Outsourced companies offer you a team of experienced software professionals. You don’t need to spend any time and effort to train anyone, because you have access to the talent you need already.

Cons of outsourcing software development
  • Communication is tricky

Most companies are concerned about their involvement in project development and fear losing control over it when outsourcing and for good reasons. 

Sometimes, outsourced companies and their contractors fail to communicate thoroughly, and this can cause deviations in the project or delays in the development process.

  • Outsourced data can be leaked or misused

A disadvantage some businesses see when outsourcing their software product is the possibility of security risks. 

It’s not uncommon for proprietary information or sensitive data to leak to a third party, even if it is unintentional. 

Still, signing a nondisclosure agreement (NDA) might not be a bad idea; this contract prohibits the outsourcing company from sharing sensitive data.

What is freelancing?

A freelancer is a self-employed individual who offers services and makes money on a per-project basis (and usually works on several jobs for various clients).

Pros of hiring freelancers
  • Hiring freelancers is even cheaper than outsourcing

Freelancers will most likely charge you even less than an outsourcing company since they don’t have the overheads outsourcing companies have, especially if they’re from overseas.

Companies also don’t need to pay the expenses they pay for regular employees for freelancers (like health insurance).

  • Freelancers’ nature of work is temporary

Since freelancers take on project-based jobs, companies can hire them for a short amount of time for specific tasks and functions, and even hire them again in case they need to.

  • Companies can handpick the talent they need

Luckily, with the development of freelance platforms like Upwork and Fiverr, finding and hiring suitable freelancers is an easy task.

All companies need to do is determine the exact set of skills they need in a developer and select the best applicant in their local or global talent pool.

Cons of hiring freelancers
  • Freelancers might not be available when you need them

Unlike permanent employees, one company is not a freelancer’s only source of income, and their contracts can be relatively short. Freelancers will move on to another job after they finish one; their schedules can be pretty packed as well.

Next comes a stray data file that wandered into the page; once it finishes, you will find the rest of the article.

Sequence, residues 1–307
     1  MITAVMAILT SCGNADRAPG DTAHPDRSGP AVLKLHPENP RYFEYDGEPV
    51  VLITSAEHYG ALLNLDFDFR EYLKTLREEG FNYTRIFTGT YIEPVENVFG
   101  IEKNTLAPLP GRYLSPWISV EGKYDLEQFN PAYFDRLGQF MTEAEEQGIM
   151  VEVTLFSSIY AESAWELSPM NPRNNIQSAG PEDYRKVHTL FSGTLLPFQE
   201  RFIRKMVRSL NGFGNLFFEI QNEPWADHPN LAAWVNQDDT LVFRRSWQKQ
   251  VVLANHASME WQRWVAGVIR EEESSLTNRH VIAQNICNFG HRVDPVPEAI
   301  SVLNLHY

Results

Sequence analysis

Therefore, sometimes when an unexpected issue comes up, and companies need freelancers to handle it immediately; freelancers are not available.

  • Freelancers might not be as committed and dedicated as regular employees

Freelancers can take on numerous projects from various companies, and one job is not strictly their priority; that’s why they always view their contractors as buyers. Therefore, they may lack the commitment in-house teams have. 

  • Data can be leaked or misused with freelancers

Just like with outsourcing companies, freelancers can also intentionally or unintentionally mishandle sensitive data or leak it to a third party. 

Companies can sign an NDA with freelancers to ensure their data’s confidentiality as well.


Companies ought to determine their expectations and requirements to choose the option that suits them best; while also considering each option’s advantages and disadvantages.

What is the scope of the project? Is the project a long-term one that needs a continuous working relationship after its completion? Can you find the talent you need in your local talent pool? How much is your budget?

These are all things companies need to consider before choosing between these three options and the services they offer to develop software products. 

Of course, there are other options as well; for example, companies can temporarily hire individuals for specific jobs from leasing employee agencies.

The employees’ withholding, depositing, and reporting responsibilities remain with the leasing agency, and companies can use the employees’ services for as long as they need.

Through leasing agencies, companies don’t have to cover all the expensive overheads they do with regular employees (such as taxes and insurance). WinATalent also offers these services as a leasing agency.

Below is a chart that summarizes everything we discussed in this post.

in-house vs. outsource vs. freelance software development chart

What does WinATalent do?

WinATalent is an online freelance platform with a vetted network of talented individuals who are ready to help you develop your software product.

WinATalent offers various project estimation services as well.

We estimate the scope, timeline, and budget of your project based on criteria such as your expectations and your team.

We also help you get a better sense of your project’s completion process and its final product via analyzing different aspects of your project.

Sign up now for free!

One thought on “In-House vs. Outsource vs. Freelance Software Development

  1. Offshore software development companies usually charge less and deliver the end product of the same quality as their onshore colleagues. The main difference between these approaches lies in communication. You either speak with your development team in person or via video calls.